The Guyana Government is once again being chided for its actions in relation to the development of a sound oil and gas industry.
This time for its failure to lead discussions and consultations on the development of the Natural Resources and Sovereign Wealth Funds, contained in its Green Paper on the management of oil revenues, produced by the Ministry of Finance.
State employees linked to key agencies to manage the newly found natural resource and its accompanying revenue were notably absent from the inaugural Guyana Energy Forum (GEF) organized by the Georgetown Chamber of Commerce and Industry (GCCI), at Duke Lodge, Kingston, Georgetown.
The Forum was geared towards encouraging discussions on renewable energy and the Natural Resources and Sovereign Wealth Funds within the rubric of recent oil and gas discoveries.
In fact, GCCI’s Executive Director, Richard Rambarran was forced to step up and make a presentation on managing future petroleum revenues, the establishment of a fiscal rule and a Sovereign Wealth Fund.
Rambarran said the presentation was to be made by the Ministry of Finance but the Ministry declined at the last minute because of “internal communication issues.”
But that excuse did not sit well with Christopher Ram, one of the panellists at the forum, who berated the Government, saying that the Chamber has to now do Government’s work.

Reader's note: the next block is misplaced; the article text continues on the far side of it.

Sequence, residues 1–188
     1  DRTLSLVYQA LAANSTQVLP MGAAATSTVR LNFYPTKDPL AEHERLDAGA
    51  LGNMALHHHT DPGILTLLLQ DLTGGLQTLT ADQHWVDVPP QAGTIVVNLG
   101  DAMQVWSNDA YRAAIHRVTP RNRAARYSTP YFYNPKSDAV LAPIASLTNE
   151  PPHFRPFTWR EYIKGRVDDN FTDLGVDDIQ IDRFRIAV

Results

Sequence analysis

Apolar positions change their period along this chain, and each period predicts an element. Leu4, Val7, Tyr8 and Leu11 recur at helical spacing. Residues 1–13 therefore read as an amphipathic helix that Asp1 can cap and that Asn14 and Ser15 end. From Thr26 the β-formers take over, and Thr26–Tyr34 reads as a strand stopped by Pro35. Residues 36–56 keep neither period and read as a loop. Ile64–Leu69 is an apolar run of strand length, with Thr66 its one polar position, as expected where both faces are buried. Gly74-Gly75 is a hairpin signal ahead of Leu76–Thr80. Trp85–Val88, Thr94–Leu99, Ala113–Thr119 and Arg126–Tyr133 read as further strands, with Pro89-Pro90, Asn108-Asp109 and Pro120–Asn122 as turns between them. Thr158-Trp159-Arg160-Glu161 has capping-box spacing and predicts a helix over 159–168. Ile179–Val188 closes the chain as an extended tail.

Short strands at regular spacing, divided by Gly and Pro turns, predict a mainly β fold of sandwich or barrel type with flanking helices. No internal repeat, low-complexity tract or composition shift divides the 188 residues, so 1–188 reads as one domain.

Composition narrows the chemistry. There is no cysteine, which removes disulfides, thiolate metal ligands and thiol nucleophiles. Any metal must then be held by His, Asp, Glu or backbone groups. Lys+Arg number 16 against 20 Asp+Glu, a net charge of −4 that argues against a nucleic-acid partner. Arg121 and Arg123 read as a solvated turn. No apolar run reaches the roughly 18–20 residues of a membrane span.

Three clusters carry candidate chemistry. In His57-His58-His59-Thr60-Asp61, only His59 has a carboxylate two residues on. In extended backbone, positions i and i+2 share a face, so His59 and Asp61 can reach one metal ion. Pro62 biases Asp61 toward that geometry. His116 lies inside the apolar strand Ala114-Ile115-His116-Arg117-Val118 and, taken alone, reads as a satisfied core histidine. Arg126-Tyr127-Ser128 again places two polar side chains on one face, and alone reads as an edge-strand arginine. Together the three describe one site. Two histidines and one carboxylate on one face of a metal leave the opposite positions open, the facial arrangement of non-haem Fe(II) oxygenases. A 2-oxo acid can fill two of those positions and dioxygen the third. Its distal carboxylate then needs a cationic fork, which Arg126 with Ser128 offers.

“It is mind-boggling, that with so many Government agencies involved not a single of them could find time to participate in this consultation,” he said.
Ram singled out the Ministries of Natural Resources and Finance, the Department of Energy and the Petroleum Unit and said it was a “national disgrace… the Government is yet to explain and defend its own paper.”
He nonetheless, commended the Chamber for initiating the discussions which specifically targets the contents of the Government’s green paper.
Ram, in his own assessment, said the paper which sets out Government policies and proposals for legislative changes and anticipates a Natural Resources Fund Act, required much more serious consideration and consultation.
He questioned the lack of information on the size of revenues to be discussed.
“All this big talk about a Sovereign Wealth Fund and we still don’t know what it is. Exxon [Mobil] has not told us yet what the cost of production will be… at least Exxon Mobil by now can tell us what are their price assumptions and the Government must ask Exxon what is the cost for production,” Ram said.
He also criticized any move for political interference in the process.
Ram was supported by his fellow panellist, Charles Ramson Jr. who commended those in attendance to lend a voice to the cause.
He said it is important for the Government to lead similar activities.
Ramson said citizens must have a continuous say in how policy is developed and public officials must not feel like they have been elected to leave the people out of important decision making.
He said too that the Government must also learn to work with its political rivals and treat oil with the importance it deserves.
“The biggest mistake is that oil is being treated in a partisan way,” the Attorney-at-Law noted.
The GCCI said there are tough questions to be asked based on the proposed Green Paper and hopes that the Chamber will be afforded an opportunity in the near future to raise its concerns with the relevant authorities.